Logan is not going to be your average Marvel film. Reportedly Hugh Jackman’s last movie as Wolverine, it’s not as grim-looking as 2013’s The Wolverine and it co-stars everyone’s favorite soon-to-be-poop-emoji, Patrick Stewart, as Professor X, miraculously resurrected without explanation after his onscreen vaporization a few movies back.
This is the third installment in a trio of Wolverine movies, which exist both within and separate from the X-Men cinematic canon (it’s not as if the comics ever paid much attention to continuity and timelines, so why start now?). Much of the publicity for the film, directed and written by James Mangold, has centered around an anti-hero, grounded vibe, and the fact that it somehow managed to snag an R-rating for graphic violence and profanity. Can you imagine Cyclops or Captain America swearing? No, me neither. The Marvel characters of today are adorable (although Cap’s potential Hydra allegiances may signal a darker turn).
With the popularity of Fox’s Deadpool, which earned $783m, without 2D or China, on a $58m budget, this probably seems less risky than it would have done before. The X-Men movies have always been something of a red-headed step child to the phenomenon that is the Robert Downey Jr headed extended Avengers universe. Pre-James McAvoy, they weren’t quite as slick and shiny, eschewing one-liners and character development for plot heavy action stories.
Similarly, Logan looks to be less comic book adventure and more old school, Western fare: the aging gunslinger’s last stand. Grittier and angrier than past installments, it’s possibly the perfect complement to a post-election of Donald Trump society, rejecting the cushy idealistic optimism that characterizes recent Marvel output in favour of a more realistic viewpoint.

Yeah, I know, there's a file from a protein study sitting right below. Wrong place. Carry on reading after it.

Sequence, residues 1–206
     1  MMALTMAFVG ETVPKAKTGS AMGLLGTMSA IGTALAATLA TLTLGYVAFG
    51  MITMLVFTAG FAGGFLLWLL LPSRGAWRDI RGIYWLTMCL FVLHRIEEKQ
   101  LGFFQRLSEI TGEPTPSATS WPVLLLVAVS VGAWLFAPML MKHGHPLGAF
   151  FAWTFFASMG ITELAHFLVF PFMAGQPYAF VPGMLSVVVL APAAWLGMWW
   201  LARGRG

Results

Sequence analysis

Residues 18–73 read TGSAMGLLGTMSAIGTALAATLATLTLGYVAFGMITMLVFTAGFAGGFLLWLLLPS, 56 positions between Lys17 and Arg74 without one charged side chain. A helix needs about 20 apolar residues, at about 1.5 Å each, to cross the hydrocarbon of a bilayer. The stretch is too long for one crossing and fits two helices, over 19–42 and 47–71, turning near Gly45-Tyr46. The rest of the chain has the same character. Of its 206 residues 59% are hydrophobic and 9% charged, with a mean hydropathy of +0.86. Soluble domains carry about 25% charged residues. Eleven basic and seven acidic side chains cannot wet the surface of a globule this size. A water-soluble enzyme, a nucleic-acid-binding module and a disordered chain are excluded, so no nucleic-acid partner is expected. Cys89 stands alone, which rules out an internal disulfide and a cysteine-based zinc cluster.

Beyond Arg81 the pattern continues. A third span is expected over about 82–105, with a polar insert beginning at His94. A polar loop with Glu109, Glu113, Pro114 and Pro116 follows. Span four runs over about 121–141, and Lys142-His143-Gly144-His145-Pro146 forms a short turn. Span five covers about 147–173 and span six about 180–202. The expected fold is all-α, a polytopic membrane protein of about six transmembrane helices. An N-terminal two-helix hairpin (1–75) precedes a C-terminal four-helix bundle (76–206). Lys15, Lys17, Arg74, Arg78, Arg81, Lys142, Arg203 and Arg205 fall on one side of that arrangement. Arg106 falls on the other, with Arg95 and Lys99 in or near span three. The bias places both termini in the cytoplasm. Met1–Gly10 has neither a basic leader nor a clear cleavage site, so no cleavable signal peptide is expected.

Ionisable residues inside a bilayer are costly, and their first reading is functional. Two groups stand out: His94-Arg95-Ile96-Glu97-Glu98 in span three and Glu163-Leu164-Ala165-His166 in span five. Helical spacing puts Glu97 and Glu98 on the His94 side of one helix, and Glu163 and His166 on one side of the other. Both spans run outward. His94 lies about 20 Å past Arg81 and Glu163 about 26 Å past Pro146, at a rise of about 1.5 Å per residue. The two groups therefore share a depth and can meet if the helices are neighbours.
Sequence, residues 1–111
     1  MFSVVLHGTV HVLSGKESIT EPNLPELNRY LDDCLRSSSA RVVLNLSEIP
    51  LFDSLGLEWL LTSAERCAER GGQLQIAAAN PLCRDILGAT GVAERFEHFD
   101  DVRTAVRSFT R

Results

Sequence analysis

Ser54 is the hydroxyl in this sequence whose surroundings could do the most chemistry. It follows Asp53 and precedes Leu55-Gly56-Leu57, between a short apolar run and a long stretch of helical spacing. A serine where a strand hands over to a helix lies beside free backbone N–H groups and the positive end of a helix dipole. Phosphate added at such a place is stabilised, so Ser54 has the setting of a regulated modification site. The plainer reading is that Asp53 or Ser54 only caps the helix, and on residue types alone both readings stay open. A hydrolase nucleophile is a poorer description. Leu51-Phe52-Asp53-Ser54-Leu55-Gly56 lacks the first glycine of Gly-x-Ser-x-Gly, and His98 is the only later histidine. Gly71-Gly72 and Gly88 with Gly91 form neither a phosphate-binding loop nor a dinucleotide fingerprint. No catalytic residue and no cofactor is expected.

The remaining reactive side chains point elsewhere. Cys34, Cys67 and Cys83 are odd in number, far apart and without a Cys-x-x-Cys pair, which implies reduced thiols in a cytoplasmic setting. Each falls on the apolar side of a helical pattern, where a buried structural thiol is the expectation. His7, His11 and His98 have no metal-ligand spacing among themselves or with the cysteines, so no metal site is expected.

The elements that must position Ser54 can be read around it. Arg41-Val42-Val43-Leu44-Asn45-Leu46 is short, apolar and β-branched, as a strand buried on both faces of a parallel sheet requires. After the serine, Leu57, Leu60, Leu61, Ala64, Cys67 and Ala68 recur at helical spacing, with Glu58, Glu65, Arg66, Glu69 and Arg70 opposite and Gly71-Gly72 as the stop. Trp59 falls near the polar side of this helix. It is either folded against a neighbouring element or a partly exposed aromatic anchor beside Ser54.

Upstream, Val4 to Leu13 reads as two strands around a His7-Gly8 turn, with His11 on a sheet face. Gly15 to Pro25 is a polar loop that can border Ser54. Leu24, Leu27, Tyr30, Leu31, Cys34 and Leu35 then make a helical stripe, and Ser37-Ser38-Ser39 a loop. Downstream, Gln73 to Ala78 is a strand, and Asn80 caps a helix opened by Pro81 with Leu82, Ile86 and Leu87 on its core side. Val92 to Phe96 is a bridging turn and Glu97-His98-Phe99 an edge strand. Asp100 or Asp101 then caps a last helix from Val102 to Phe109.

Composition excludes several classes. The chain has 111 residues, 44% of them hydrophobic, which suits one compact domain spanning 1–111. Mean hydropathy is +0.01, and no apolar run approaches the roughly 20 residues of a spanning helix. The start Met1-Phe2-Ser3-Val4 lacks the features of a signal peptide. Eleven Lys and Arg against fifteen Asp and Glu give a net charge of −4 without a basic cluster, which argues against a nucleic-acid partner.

The movie takes place in a grim future in which most of the world’s mutants have died out. Logan is sick enough and old enough that his healing powers aren’t quite as capable as they once were. He now works as an alcoholic chauffeur while he cares for a critically ill Professor X as he waits for his very long life to come to a rather irrelevant end. But everything changes when he’s accosted by a woman begging for help with a young girl with special powers.
It’ll be interesting to see how it performs at the box office. The Wolverine was the lowest-grossing X-Men movie ever in North America but at the time it was the second-biggest worldwide title. It’s possible that a solid couple of trailers (the use of Johnny Cash’s Hurt in the teaser was inspired) and the promise of some real action will push this one closer to the $179m domestic finish of X-Men Origins: Wolverine.